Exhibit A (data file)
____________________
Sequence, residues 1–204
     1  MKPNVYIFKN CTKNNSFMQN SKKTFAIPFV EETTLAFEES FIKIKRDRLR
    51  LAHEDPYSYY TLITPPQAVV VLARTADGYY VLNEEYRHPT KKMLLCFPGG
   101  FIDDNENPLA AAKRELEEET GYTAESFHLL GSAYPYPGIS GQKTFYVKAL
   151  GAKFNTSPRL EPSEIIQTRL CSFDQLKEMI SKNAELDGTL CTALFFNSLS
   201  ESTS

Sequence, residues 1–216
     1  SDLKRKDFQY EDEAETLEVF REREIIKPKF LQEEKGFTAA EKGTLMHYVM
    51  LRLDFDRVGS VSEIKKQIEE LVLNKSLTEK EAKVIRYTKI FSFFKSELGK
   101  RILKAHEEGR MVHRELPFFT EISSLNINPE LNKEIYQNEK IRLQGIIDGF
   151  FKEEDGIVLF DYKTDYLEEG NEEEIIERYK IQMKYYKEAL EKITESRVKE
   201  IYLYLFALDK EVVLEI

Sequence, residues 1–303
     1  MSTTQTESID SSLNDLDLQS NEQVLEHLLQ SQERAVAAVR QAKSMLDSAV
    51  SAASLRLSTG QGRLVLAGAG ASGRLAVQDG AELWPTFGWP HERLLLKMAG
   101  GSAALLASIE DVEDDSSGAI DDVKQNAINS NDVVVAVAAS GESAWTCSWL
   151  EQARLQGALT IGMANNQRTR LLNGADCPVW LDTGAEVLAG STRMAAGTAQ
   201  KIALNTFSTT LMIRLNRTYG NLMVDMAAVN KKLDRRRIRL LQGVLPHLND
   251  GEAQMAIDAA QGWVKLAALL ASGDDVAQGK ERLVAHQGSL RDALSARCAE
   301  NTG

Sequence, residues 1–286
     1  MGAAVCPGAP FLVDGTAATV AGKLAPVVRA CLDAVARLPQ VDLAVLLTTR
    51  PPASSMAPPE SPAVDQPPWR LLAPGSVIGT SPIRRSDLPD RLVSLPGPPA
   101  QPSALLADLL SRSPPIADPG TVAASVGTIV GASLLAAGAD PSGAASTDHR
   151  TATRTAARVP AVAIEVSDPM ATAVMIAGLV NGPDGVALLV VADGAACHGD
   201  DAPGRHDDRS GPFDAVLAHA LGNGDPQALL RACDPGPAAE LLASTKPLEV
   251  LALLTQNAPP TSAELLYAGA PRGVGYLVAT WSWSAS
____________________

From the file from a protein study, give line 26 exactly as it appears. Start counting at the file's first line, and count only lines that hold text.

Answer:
   201  DAPGRHDDRS GPFDAVLAHA LGNGDPQALL RACDPGPAAE LLASTKPLEV